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October 20, 2020

A comic portrayal of pathetic lives after love

Karachi

October 20, 2020

A short story by Krishan Chander must have provided a dependable foundation for the solid performance of the actors, but it was the adaptation of the story into a play and its direction by Zarqa Naz that equally contributed to the success of ‘Ishq Ke Baad’ (After Love), which was staged at the Arts Council of Pakistan on Monday as part of the Karachi Theatre Festival 2020.

Though Chander, being a progressive writer, is best known for his portrayal of human sufferings, he is equally good when he pens humour or satire. ‘Ishq Ke Baad’ is a comedy that shreds all the romantic notions of love by imagining what would have happened if the three pairs of legendary lovers — Laila Majnu, Romeo & Juliet and Heer Ranjha — had united instead of meeting their tragic fates.

The entire play, except for the final scene, takes place in the dream of a writer (played by Hammad Siddiq) aspiring to write something great on the theme of love. In the dream, he first encounters Laila and Majnu, then Romeo and Juliet, and lastly Heer and Ranjha to find all of them united but living pathetic lives.

With the first pair, the writer finds that Majnu is embroiled in the traditional Saas Bahu (mother-in-law/daughter-in-law) conflict between his mother and Laila. As Laila had eloped with Majnu, she did not bring any dowry, which saddens Majnu’s mother and she wants her son to separate from Laila and marry another girl.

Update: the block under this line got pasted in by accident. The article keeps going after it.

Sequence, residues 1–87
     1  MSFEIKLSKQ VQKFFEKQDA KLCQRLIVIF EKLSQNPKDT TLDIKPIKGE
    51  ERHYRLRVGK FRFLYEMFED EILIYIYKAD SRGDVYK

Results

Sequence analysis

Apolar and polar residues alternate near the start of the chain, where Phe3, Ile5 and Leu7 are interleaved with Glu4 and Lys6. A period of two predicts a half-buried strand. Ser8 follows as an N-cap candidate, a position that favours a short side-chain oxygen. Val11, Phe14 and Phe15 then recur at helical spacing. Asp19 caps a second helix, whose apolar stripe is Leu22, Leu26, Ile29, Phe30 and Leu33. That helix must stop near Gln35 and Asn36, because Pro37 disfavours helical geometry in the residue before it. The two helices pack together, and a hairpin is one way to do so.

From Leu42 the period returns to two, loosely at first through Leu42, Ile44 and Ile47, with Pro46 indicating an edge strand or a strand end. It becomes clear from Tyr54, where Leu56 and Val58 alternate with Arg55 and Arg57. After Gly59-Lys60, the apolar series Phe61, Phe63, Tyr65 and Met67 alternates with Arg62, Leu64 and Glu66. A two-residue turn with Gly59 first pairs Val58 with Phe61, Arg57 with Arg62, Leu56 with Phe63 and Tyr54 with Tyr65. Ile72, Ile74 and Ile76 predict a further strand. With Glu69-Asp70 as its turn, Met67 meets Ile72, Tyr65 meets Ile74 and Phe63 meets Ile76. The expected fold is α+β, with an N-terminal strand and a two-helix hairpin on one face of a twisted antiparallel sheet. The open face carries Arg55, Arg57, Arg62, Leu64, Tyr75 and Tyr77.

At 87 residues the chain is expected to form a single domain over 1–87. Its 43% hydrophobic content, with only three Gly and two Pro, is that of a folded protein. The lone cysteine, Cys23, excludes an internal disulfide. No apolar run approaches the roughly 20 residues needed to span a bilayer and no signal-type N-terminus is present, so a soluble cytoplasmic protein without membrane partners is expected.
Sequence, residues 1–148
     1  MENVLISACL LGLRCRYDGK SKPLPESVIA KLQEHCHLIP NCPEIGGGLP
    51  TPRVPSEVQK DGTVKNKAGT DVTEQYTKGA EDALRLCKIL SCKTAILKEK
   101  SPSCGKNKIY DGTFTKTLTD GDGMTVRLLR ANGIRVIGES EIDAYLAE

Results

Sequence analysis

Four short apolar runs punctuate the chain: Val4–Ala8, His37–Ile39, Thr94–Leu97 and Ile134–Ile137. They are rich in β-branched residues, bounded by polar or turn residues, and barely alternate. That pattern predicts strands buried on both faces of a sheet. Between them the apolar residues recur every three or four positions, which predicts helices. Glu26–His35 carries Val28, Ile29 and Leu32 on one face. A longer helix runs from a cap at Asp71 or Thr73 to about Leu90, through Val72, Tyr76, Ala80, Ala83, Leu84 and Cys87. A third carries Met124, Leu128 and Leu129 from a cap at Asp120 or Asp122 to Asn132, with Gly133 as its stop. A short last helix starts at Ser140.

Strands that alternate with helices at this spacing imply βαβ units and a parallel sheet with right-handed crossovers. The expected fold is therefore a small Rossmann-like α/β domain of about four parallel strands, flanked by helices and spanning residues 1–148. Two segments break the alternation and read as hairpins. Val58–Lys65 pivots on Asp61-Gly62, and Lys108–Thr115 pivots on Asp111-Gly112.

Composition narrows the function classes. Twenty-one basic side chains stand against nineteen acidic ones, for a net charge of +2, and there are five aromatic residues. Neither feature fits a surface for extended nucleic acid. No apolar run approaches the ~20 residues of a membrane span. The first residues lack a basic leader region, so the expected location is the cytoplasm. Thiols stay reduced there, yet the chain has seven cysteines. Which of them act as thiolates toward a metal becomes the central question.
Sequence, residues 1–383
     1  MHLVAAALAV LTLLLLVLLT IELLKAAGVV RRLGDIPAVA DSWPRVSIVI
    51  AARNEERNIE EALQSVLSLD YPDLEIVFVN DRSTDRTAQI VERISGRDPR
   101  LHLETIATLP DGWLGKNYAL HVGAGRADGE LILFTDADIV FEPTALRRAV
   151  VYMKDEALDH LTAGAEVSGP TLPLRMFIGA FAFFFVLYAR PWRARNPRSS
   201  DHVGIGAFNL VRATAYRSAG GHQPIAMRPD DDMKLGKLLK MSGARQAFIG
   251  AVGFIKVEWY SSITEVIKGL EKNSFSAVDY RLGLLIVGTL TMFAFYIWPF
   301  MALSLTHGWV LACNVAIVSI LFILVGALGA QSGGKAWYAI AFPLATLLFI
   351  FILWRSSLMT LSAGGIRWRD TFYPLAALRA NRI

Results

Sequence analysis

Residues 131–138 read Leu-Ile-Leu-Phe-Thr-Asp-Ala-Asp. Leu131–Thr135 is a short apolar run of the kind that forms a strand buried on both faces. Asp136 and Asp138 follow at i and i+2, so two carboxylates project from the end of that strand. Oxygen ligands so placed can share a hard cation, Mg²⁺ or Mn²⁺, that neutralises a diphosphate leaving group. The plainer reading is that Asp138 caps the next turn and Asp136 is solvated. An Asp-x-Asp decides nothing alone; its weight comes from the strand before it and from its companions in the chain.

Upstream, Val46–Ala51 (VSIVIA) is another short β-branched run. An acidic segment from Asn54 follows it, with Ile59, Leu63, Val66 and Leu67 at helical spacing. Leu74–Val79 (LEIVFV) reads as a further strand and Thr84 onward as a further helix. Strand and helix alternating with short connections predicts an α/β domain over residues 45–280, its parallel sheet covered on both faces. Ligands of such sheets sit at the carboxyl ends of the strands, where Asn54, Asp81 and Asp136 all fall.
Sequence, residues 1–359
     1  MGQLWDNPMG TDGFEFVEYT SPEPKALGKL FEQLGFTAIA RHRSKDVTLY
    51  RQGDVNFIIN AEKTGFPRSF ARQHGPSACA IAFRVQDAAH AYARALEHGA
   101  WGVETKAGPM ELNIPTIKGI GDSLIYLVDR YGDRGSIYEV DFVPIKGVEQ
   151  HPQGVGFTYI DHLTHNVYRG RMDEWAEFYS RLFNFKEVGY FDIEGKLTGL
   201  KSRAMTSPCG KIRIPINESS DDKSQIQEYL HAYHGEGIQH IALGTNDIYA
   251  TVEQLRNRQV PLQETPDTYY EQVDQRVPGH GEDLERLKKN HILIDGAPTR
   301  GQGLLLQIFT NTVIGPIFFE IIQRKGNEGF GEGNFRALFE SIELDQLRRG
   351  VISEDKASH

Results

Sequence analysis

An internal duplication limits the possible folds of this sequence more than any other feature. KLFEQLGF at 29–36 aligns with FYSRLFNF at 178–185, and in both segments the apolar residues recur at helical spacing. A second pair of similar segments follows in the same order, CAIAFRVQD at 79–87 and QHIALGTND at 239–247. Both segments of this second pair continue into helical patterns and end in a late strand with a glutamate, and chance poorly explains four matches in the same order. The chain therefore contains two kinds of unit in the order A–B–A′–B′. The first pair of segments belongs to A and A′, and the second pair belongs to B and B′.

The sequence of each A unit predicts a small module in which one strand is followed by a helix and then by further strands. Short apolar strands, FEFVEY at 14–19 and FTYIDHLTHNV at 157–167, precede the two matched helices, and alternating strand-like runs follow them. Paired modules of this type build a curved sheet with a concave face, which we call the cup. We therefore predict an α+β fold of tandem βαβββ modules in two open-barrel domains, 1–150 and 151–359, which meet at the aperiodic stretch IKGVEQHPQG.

Meanwhile, Laila has also found that a family needs money to work and mere statements of love are not enough to keep lives going. As she longs for a new dress, the unemployed Majnu can only promise her the moon and the stars.

The story of the second couple is more distressing, as both Romeo and Juliet are found to be cheating on each other. It is revealed that after getting married to Juliet, Romeo had come to Karachi, where he is a successful trader living an affluent life. However, Juliet cannot tolerate his snoring, while Romeo complains that she does not cook for him.

The condition of the third couple is a bit different, as both Heer and Ranjha are loyal to each other. However, it is again highlighted that to sustain their lives they need financial resources, which the couple do not have because they had to elope from their village to Karachi, where Ranjha has to work as a labourer.

However, he is currently unemployed and the couple are starving. In this part, the play temporarily loses its comedic atmosphere and a rather sombre mood is created as Heer and Ranjha talk about how different their lives could have been had they been living in a world where social justice was the norm.

The brilliant acting by the entire cast kept the audience focused, while the spontaneous delivery of dialogues during the bickering between the couples amused the audience throughout the play and generated loud laughters every now and then.

After meeting the three couples, the writer, who is still in his dream, prepares for his bestseller book on love. But then the couples arrive and object to the writer’s plans because he intends to depict them in a negative light. They start thrashing the writer and he gets restless during his sleep only to find his angry wife trying to wake him up.

As he wakes up, he realises that his wife was one of the characters he had seen in his dream. No! She was not Laila, nor Juliet nor Heer of his dream. She was Majnu’s mother, the cruel mother-in-law of Laila. This ending was the icing on the cake, and as the entire cast assembled, they received a well deserved standing ovation.

The roles of Majnu, Romeo and Ranjha were deftly played by Rahil Siddiqui, Nadeem Baig and Danish Irshad. However, the roles of Laila, Juliet and Heer were not enacted by three actresses. A single artiste, Aisha Bukhtiyar, played all the three roles and stood out, as never did she appear to be the same person.